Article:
181. #181 Jesse
    August 12, 2008

    Dear God…
    An excellent piece or writing; i’m still dismayed at those who are convinced by the — i suppose you could call it “mature, modern theology” (as opposed to fundamentalism) — justification for religion. Anyone with a remotely open mind can see the biting yet simple logic (and i don’t mean to demean him by saying this) of Dawkins’s argument against theology: if there is, in all likelihood, no god, then the study of the seemingly infinite nuances of that non-entity’s will/behavior/general psychology/etc. becomes irrelevant.
    People like myself pose the simple question, “if god truly wants us to believe in him, why doesn’t he just show himself?”
    The typical response is, of course, that doing so would defeat the purpose of faith.
    Aside from the asinine nature of such a reply (the much simpler explanation is that you don’t see something — or even any evidence for it — because it’s not there), this line of reasoning, in light of the utterly dire consequences of disbelief, does not lend itself to the argument that “god is love;” if anything, it shows god as vicious trickster who is perfectly willing to cast the majority of the world’s population into the fiery chasm — with complete impunity — for all eternity, thus making all of the torturers and mass murderers throughout history (religious people, i even encourage you to invoke Mao, Stalin, Pol Pot, etc.) seem like simple schoolyard bullies.

  182. #182 Kristen
    August 16, 2008

    Thank you for enlightening me to the fact that I am stupid, that my personal experiences are all delusions, and that my careful reasoning is completely beside the point– which is that I am stupid and that my personal experiences are all delusions.

    However, may I point out that you have begun with the assumption that I am stupid and that my personal experiences are all delusions, and have not proven these assumptions?

    Your “Courtier’s Reply” is nothing more than a mockery on top of a mockery. Mocking has the very real effect of nullifying in your own mind any possibility of validity in the thing you are mocking, so that you cannot ever actually consider it on its own merits. It seems to me that this kind of self-congratulatory, group-think atheism is actually the Emperor without clothes.

  183. #183 Rev. BigDumbChimp, KoT
    August 16, 2008

    However, may I point out that you have begun with the assumption that I am stupid and that my personal experiences are all delusions, and have not proven these assumptions?

    What personal experiences?

  184. #184 Kristen
    August 17, 2008

    Nope. Not going to spill my guts to be trampled on, thanks anyway.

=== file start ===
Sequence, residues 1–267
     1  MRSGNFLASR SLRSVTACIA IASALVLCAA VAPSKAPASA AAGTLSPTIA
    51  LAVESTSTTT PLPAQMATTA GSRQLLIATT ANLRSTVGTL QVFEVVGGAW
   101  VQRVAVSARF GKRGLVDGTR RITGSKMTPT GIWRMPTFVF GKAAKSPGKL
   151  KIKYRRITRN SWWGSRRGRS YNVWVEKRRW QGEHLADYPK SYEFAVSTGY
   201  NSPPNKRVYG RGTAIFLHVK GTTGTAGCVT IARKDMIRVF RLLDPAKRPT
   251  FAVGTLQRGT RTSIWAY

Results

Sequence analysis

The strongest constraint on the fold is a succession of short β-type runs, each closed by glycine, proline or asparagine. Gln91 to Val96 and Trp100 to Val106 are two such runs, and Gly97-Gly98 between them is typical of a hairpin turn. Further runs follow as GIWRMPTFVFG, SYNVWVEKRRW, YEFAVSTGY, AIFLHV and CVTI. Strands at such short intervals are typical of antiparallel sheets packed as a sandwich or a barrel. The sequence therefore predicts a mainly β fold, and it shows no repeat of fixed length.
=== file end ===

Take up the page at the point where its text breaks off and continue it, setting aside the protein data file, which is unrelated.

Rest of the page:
185. #185 melior
    August 17, 2008

    Thank you for enlightening me to the fact that I am stupid, that my personal experiences are all delusions, and that my careful reasoning is completely beside the point– which is that I am stupid and that my personal experiences are all delusions.

    If personal internal experiences were infallible, we would all have agreed on The Answers to Life’s Big Questions long ago. This is a world filled with mutually contradictory personal revelations.

    A big part of science is realizing that everyone’s understanding is incomplete and partly wrong, and we each have to be willing to let go of what we thought we knew just yesterday, to make room for the next bit of truth. That’s not a crime, it doesn’t mean you’re stupid, and it’s nothing to be embarrassed about. By pooling all our knowledge we can tease apart the truths that survive the experience. Many of yesterday’s truths will be casualties.

    It’s good that this story made you think. Sometimes people are reluctant to let go of a path they have invested a lot of effort in, even when they learn that they were heading down a false trail. It’s very human to feel embarrassment at the messenger in such cases.

    In the end, none of that time you spent was really wasted — everyone is stuck somewhere, trying to figure out the next step to take. The real question you might ask is what will I do with the time I have left?

  186. #186 Owlmirror
    August 17, 2008

    Nope. Not going to spill my guts to be trampled on, thanks anyway.

    This is something I’ve seen before: Some religious people, will, with prompting or without, describe some intensely personal experience, and have it pointed out to them that this experience is not evidence of God.

    Others, though, seem to lack the courage of their convictions, and kinda already suspect that their personal experiences are not convincing evidence for God. So they mention them… and then they back away from actually discussing them.

    Kind of like courtiers when pressed for the actual evidence of the Emperor’s clothes.

  187. #187 Sven DiMilo
    August 17, 2008

    “Personal experiences” like special revelation, vouchsafed to you but (cruelly?) denied the rest of us? Must be nice to be so special.